Understanding the customer journey is essential to maximise engagement with your brand.
Every marketer has heard the phrase – ‘content is king’ – it’s a cliché for a reason. For an e-commerce brand, successful personalised marketing is dependent on the regular delivery of relevant and compelling content, regardless of what lifecycle stage the customer is in. By delivering content that the customer wants to read, when and where they want to read it, marketers can keep their brand front of mind. Central to matching a customer with the right content is mastering the customer lifecycle. However, to understand where the customer lifecycle begins marketers need a customer database that can describe their behaviour, and that’s not always easy. So where should a marketer begin? Here is my recipe for success.
Managing the customer lifecycle
A customer lifecycle is the path a customer takes from their first contact as a prospect, through to their first purchase, and then on to becoming a repeat customer and finally, a defecting customer. Along this journey, the marketer has opportunities to communicate with the customer and provide information or incentives that aim to move the customer to the most lucrative repeat customer stage and extend this period for as long as possible.
From small start-ups to well-established companies, a global rule of thumb is that complacency is the surest way to lose touch with repeat customers. This is why it is so important to harness the customer database early on and use it to reach out to customers in new and creative ways that strengthen brand affinity.
1. Customer segmentation
Part of managing the customer lifecycle is staying focused on retention. Constant customer acquisition is costly in terms of the marketing and advertising dollars spent; with reports suggesting it could be anywhere from four to eight times more expensive to acquire a new customer than it is to retain an existing customer.
Repeat customers need to remain engaged with the brand, and one way to keep them in this state is through cross- and up-selling efforts. Marketers can also employ data filters to identify and differentiate recurring customer types and sub-segments. This allows brands to target their customers in a personalised way and to perfect their call to action, which in turn leads to further purchases and service upgrades.
While repeat customers bring in the most revenue, acquiring new customers is also an important activity. Acquiring a customer often begins when they register on a website or sign up for a newsletter. Building a customer relationship is the first step in managing customer lifecycles, and a double opt-in verification, where a special link is emailed to the new customer, combined with a follow-up welcome email is crucial for setting positive first impressions.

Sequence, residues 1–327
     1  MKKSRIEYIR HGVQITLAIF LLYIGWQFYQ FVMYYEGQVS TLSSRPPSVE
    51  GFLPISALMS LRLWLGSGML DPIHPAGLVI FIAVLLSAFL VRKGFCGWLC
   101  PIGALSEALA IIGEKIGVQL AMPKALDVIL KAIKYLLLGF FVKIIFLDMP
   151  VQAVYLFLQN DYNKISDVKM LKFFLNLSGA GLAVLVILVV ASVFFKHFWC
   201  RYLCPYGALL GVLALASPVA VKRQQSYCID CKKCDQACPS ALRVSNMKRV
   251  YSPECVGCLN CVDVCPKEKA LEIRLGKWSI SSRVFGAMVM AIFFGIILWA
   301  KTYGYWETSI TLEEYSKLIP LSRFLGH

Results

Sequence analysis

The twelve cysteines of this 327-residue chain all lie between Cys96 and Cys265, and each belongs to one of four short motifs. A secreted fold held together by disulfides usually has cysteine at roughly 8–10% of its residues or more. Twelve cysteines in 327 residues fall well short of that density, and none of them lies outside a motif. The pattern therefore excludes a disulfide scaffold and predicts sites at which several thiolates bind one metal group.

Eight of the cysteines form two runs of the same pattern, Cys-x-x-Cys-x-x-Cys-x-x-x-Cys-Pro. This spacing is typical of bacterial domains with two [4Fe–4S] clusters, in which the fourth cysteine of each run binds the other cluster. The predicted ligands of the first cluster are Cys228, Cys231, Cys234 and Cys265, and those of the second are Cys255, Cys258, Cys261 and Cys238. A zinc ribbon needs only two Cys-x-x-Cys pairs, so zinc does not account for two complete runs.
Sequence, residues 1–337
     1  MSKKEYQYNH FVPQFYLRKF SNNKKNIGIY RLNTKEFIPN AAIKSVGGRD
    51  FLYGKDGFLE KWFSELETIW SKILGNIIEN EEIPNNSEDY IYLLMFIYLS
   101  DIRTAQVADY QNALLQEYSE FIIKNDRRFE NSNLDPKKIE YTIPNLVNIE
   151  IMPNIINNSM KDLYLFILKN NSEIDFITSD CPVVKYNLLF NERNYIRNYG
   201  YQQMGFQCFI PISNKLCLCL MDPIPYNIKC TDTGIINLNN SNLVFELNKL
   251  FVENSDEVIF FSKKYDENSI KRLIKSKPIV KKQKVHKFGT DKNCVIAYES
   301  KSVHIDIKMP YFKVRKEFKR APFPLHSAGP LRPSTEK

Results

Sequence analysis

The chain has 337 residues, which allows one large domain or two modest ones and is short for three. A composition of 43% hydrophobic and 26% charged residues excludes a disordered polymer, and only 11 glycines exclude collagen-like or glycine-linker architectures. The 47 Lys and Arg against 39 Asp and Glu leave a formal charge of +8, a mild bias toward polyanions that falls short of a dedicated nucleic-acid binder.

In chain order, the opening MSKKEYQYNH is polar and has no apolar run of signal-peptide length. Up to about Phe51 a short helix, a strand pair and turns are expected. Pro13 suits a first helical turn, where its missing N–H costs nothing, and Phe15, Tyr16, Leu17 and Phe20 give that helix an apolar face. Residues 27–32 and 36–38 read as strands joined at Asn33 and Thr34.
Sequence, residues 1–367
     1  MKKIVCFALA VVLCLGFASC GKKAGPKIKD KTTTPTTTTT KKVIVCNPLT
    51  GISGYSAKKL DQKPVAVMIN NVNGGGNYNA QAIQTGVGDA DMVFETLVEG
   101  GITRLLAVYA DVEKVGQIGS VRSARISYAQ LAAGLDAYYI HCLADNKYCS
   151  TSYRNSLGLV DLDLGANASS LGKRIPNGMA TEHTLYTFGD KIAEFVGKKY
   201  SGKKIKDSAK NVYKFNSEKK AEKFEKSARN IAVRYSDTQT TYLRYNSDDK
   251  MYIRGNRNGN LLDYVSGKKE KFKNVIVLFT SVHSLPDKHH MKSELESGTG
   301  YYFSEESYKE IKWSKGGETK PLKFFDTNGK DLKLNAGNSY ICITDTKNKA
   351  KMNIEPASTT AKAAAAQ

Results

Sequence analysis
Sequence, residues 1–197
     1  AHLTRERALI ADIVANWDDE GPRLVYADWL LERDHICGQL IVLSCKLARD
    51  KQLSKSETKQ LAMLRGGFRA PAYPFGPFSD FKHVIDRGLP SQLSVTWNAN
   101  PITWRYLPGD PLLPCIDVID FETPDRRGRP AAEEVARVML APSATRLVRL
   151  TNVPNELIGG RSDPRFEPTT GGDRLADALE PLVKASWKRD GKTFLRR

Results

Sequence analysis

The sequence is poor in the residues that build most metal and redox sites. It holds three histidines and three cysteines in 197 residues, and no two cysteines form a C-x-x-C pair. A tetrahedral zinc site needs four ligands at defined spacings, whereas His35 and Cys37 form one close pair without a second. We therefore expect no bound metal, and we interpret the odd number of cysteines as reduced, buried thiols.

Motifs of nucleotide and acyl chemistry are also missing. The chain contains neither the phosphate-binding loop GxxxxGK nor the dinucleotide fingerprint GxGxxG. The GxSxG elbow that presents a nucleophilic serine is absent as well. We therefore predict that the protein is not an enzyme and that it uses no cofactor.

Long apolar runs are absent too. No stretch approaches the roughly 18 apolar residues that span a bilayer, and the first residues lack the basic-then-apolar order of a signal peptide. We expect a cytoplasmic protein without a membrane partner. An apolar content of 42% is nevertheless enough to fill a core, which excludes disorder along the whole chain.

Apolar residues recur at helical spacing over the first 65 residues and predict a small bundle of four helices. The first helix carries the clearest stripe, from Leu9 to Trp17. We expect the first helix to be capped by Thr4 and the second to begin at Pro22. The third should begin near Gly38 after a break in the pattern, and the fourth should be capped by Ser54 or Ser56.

2. Automation and real-time responses
In lifecycle management, timing is everything: marketers must interact with their customers at just the right moment. This is only possible with automation, because a human marketer could never respond to opportunities as fast or as accurately as an AI-enabled automation program.
Sending a simple monthly newsletter is a static and one-to-many approach that omits all-important personalisation. However, with an automation system, the marketer decides which customer behaviours will trigger which events. Every newsletter article that gets clicked, every cart that gets abandoned, and all the time a customer spends browsing a brand’s website, should trigger an automated response that is both timely and personalised.
3. Test, adjust, and increase ROI
To maximise their impact, automated programs need to constantly evolve based on customer responses. It’s easy to create a program and then sit back and let the machine do its work, but that’s a very good way to continue sending ineffective emails to an ever-defecting contact list.
The key is to keep content fresh and optimised to target the right individuals. Automation makes it very easy to set up helpful testing measures and gauge the effectiveness of almost every aspect of a program. To identify whether it makes sense to provide coupons or incentives in specific scenarios, marketers can test the email format, timing, and ROI of an incentive vs. no incentive message, and simply use the most effective strategy. This is how automation can maximise the ROI of campaigns.
Historically, marketing has had to rely on intuition and best guesses. Some messages hit the desired target, but most missed. However, with the growth of AI-enabled automation, marketers have a wealth of tools at their disposal to nurture every customer through each lifecycle stage with a personalised approach. Marketers must start by getting their customer database in order so that they can leverage it effectively; to segment the market, and automate responses to customer behaviour, so as to hit customers with the right content at the right time, and ultimately increase their ROI.
By Heath Barlow, Australasian Market Lead, Emarsys